This is no counsel of despair. Neither opinion polls nor by-elections point to any return to Maggie-mania. As Deborah Mattinson puts it: ‘When things get really hard the instinct to put nearest and dearest first is, understandably, paramount.’

This is why Labour’s leader is placing our party firmly in the centre-ground with new ideas, not old attitudes. Globally, social democrats are pinpointing five basic principles that can deliver our values in tough times. But Labour is leading the way.

First, the deficit needs not denial but fiscal realism. That is why Ed Balls is tough on tax and public spending. But his approach marries aggressive short-term action to boost jobs and growth, with medium-term ideas to bring down debt. The crash taught us we cannot immunise the world from financial crashes; we have now had 40 since 1800. If we want to protect our room to act when future trouble breaks, we need to bring debt down. That is the best insurance policy for Keynesians. The Tories will leave us with debt at 80 per cent of GDP. That is too high, which is why we have to plan for budgets that are tight.

Second, new growth needs more than just any old jobs. We cannot compete with new economies like that. We cannot risk drawing so much of our tax from financial services. So we need a new active partnership between business and government to rebalance our economy, play to our national strengths, switch to low-carbon energy, strengthen infrastructure, redouble enterprise, and reform our banking system so that, once again, small business and entrepreneurs have the life-blood of credit to grow. This is the new bargain with business. And in return we expect business to behave in a way that values and does not vaporise trust. People want responsibility – on top pay and ethics – throughout society.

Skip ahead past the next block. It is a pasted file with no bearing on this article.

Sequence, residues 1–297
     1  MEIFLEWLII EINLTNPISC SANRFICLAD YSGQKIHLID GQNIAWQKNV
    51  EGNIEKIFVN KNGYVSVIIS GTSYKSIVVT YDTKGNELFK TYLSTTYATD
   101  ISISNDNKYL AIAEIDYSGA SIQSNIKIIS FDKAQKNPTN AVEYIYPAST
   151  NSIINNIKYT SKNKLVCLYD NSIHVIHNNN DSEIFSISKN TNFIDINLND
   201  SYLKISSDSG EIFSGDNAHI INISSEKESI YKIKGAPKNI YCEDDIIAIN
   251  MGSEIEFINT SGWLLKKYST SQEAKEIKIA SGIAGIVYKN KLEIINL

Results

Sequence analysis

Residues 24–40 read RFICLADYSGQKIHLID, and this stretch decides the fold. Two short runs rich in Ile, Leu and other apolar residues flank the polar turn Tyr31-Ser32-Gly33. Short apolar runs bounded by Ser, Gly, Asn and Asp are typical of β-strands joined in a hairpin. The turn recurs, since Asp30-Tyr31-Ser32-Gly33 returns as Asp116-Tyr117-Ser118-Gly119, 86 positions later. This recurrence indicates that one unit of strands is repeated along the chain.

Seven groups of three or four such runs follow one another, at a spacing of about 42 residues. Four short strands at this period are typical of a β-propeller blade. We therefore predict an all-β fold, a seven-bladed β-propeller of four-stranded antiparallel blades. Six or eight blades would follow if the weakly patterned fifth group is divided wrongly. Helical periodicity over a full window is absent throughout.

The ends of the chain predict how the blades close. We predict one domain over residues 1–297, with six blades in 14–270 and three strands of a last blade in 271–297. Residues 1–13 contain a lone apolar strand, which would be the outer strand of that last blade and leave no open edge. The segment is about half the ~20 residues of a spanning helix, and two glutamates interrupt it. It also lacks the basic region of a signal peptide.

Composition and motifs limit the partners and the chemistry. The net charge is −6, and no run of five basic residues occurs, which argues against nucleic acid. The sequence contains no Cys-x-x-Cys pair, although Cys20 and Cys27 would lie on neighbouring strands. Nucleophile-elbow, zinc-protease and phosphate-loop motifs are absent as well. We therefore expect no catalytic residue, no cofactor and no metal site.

Third, we have to renew our welfare states to drive up the rate of employment. In tough times we need as many hands on the pump as possible. For some that means making sure services like childcare and social care are there to help families juggle the ‘care crunch’ so they are free to work when they like. For others it means firm action to ensure that if you can take a job, you do take a job. It is a renewal of William Beveridge’s belief that good social insurance helps people keep working.

Fourth, we know that to get through the next decade we need to draw not simply on the wealth of nations, but the ‘hidden wealth of nations’. The challenges we face today are too big to all be left to government. Governments and political parties alike need to help make it easier for good people to come together to make a difference through social action and innovation – and it is this kind of civic inventiveness that modern democracies need to renew the ties that bind strong communities together. That is why Refounding Labour is so important.

Fifth, we know that in tough times taxpayers’ money must go as far as possible. Standards in public service have to go up even when budgets are coming down. Only a revolution in innovation can square that circle. And that is very hard to mandate from the centre. So sometimes, the centre has to let go – set high standards, yes, but then free up the frontline and devolve power to speed up new ways of doing business, delivering for citizens better than before.

Finally, we need to advance this cause with confidence. Progressives win by mobilising an appeal to optimism. Conservatives want voters to feel disempowered and cynical. They want to diminish the appeal of politics. Where they are in power, they want a fearful electorate to cling to nurse for fear of something worse. Our task is to offer hope in an age of uncertainty, and optimism in an era of doubt. That is how we seize the centre-ground and build a new progressive majority.